Top Health Tools
Top Health Tools

Top Reports
Top Reports
Top Articles
Top Articles

Top Reviews
Top Reviews
Curing Common Ailments From Around The World

Chicken soup may be good for the soul, but some people swear that it’s also good for the body. Many Americans reach for a steaming bowl of chicken soup whenever they’ve got a cold, while the equivalent remedy in Japan is ginger tea. But are these home cures, passed down from generation to generation, really therapeutic?

America: Chicken Soup for Cold Symptoms

Dosage: Sip on as much soup as you can manage, and repeat as necessary.
Verdict: Chicken soup inhibits white blood cell movement by a whopping 75 percent, which can reduce the symptoms of an upper respiratory tract infection, according to a study by University of Nebraska researchers. Just make sure it has no MSG or other chemicals.

Natives: Garlic Rub for Bee Stings

Dosage: Crush garlic bulbs and wrap them in a cloth. Rub the poultice onto the sting.
Verdict: Do it. Bee venom is acidic, and the natural components of garlic will neutralize the pain so you’ll feel immediate relief, says Ranella Hirsch, MD, clinical assistant professor at Boston University’s School of Medicine in Massachusetts, and past president of the American Society of Cosmetic Dermatology and Aesthetic Surgery.

Greece: Chamomile Herbal Tea with Honey and Brandy for Cold Symptoms

Dosage: Fill a pot with 2 cups of boiling water, add a teaspoon of loose chamomile tea, a cinnamon stick, three cloves and either an orange or lemon peel. Let steep for five minutes. Pour the combination into a cup and add a teaspoon of honey and a splash of Metaxa, a Greek brandy. Drink.
Verdict: This could help, says Kathi Kemper, MD, author of The Holistic Pediatrician and director of the Center for Integrative Medicine at Wake Forest University’s School of Medicine in North Carolina. Chamomile has relaxing properties, honey can help with a cough, and orange and lemon are used in cleaning products to zap germs, Dr. Kemper says. And the brandy? “It would probably be an enjoyable addition,” she adds.

Japan: Ginger Tea for Cold and Flu Symptoms

Mix 2/3 cup of boiling water with 2 teaspoons of grated ginger and 2 teaspoons of sugar. Add a few slices of fresh ginger root and drink the tea.
Verdict: Helps with some symptoms. Ginger can stimulate your circulation, which will help your body get rid of a cold faster. It’s also been shown to reduce nausea, and drinking liquid when you’re sick can help with congestion, Dr. Kemper says. Adding to that is a 2009 Iranian study that found women who were nauseated and vomiting decreased their illness by 50 percent after taking 1,000 mg of ginger daily.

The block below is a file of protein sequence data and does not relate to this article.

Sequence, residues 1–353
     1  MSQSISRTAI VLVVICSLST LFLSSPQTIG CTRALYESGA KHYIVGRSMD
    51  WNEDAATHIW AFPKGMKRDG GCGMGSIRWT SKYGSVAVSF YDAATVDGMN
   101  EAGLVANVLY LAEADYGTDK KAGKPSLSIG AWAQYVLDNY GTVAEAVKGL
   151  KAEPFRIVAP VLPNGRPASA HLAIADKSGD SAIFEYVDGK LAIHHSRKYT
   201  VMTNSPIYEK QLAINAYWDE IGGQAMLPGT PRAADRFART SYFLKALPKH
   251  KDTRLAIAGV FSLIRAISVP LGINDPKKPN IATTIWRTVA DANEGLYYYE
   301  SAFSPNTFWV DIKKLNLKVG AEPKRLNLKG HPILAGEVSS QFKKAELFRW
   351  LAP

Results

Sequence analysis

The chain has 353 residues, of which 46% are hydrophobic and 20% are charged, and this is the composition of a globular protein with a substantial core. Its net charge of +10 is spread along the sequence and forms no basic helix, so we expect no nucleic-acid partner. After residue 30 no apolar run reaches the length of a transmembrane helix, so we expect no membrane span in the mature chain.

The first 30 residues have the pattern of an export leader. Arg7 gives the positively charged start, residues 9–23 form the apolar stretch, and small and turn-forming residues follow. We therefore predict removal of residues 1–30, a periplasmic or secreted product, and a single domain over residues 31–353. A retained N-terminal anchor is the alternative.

Germany: Apple Cider Vinegar Rub for Sunburn

Dosage: Rub apple cider vinegar onto the burn. If the burn covers your entire body, pour two or three cups of the vinegar into your bath and soak in the water.
Verdict: Aloe vera would work much better on a sunburn, but when all else fails, an apple cider vinegar rub couldn’t hurt, Fulop says. In fact, an apple cider vinegar poultice is commonly rubbed onto aching body parts because the alkaline nature of the vinegar decreases pain.

Spain: Garlic Herbal Tea with Honey for Cold Symptoms

Dosage: Bring 3 cups of water with 3 cloves of garlic to a boil. Turn off the heat, and add ½ cup of fresh lemon juice and ½ cup of honey. Drink ½ cup of the warm mixture three times daily.
Verdict: Each ingredient can help with a cold or the flu, Dr. Kemper says. The garlic has antibacterial properties, lemon is loaded with vitamin C and the honey will soothe your cough. “But it sounds like it will taste terrible,” she adds.

South Africa: Honey and Cinnamon Paste for Acne and Facial Blemishes

Dosage: Mix 4 tablespoons of honey with 3 teaspoons of ground cinnamon. Before going to sleep, apply it to your face; leave it on overnight. Apply as often as needed.
Verdict: The cinnamon is the most important part of this mix because it acts as an anti-inflammatory, and will take down the redness and puffiness, says Dr. Hirsch. But honey is also known for its healing and moisturizing properties when it’s applied to the skin.

Reference Source 106
March 10, 2011


STAY CONNECTEDNewsletter | RSS | Twitter | YouTube |
This site is owned and operated by 1999-2018. All Rights Reserved. All content on this site may be copied, without permission, whether reproduced digitally or in print, provided copyright, reference and source information are intact and use is strictly for not-for-profit purposes. Please review our copyright policy for full details.
volunteerDonateWrite For Us
Stay Connected With Our Newsletter